After writing several articles about the benefits and positive impact of bold leaders, I received pushback from a number of people who had observed bold leaders that did not create the same positive impression. These leaders were perceived as being bold but created dissatisfaction and frustration within their organizations.
1. Aggressive leaders are hyper focused on their own needs and successes. They take extraordinary steps to make themselves look good, often at the expense of others. They will look for ways to blame others and are unwilling to accept responsibility for errors.
2. Autocratic leaders rarely ask for input or advice from others, desiring to make all the decisions alone. They prioritize maintaining control over providing opportunities for others to grow. They expect orders to be followed and no one is allowed to question the decision or solution.
3. Arrogant leaders are always “right.” They are not teachable and believe that others’ decisions and solutions are inferior to their own. Because they resist feedback from others, they become defensive when challenged. Their business decisions are often centered in ego and personal agenda.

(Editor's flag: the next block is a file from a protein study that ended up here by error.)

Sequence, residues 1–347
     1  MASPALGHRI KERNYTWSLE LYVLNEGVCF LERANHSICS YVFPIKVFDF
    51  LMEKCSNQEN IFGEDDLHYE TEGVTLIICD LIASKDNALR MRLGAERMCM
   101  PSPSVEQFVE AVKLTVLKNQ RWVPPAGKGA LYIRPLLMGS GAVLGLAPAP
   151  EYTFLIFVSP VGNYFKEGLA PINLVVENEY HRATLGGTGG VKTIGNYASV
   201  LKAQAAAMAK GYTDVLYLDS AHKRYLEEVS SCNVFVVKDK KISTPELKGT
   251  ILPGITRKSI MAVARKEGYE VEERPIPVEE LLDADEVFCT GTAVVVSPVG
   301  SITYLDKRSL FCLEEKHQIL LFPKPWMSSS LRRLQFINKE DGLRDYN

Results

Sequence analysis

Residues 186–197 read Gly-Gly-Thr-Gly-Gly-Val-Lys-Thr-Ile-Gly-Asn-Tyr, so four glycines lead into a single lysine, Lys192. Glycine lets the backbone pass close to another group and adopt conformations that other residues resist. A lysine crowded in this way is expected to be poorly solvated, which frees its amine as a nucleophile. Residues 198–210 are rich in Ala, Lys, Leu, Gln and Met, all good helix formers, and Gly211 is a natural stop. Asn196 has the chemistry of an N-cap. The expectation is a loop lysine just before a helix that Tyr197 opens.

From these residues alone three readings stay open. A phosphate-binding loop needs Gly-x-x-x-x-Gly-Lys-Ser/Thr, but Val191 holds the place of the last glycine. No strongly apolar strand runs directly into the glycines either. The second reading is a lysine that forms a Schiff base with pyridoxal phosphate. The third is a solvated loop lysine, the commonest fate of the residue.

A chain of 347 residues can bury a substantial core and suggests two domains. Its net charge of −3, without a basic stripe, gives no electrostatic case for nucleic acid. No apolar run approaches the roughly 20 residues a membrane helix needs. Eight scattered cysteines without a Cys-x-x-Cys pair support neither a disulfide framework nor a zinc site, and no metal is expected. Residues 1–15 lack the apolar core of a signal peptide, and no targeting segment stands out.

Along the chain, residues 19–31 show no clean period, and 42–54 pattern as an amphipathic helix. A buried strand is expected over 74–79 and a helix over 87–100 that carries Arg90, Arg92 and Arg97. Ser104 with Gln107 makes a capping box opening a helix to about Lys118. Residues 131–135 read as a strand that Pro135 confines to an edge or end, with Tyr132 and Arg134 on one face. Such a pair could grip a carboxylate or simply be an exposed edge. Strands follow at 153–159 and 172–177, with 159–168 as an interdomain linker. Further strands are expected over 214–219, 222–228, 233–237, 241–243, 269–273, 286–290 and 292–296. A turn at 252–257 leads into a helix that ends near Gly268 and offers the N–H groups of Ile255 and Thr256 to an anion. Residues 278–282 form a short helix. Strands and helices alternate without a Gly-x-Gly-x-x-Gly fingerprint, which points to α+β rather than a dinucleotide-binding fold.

Leaders who engage in these behaviors have the façade of being bold, but truly lack the many positive benefits of genuine bold leadership.
In analyzing data from over 50,000 leaders, my colleague Jack Zenger and I discovered that genuine bold leaders were rated as more effective, had more positive performance reviews, and were more likely to be a high potential leader. They also had significantly more satisfied direct reports who were not likely to think about quitting their jobs. Overall, these leaders were very effective, well liked, and generated engagement across the organization.
The reason some leaders utilize the counterfeit bold behaviors of aggression, an autocratic style, or arrogance, is that in the short term these behaviors generate results. However, employees end up being motivated out of fear rather than respect or inspiration and will abandon ship as soon as possible. What we have found in our research is that it is possible for leaders to develop a genuinely bold style, but only if they avoid these three destructive leadership behaviors.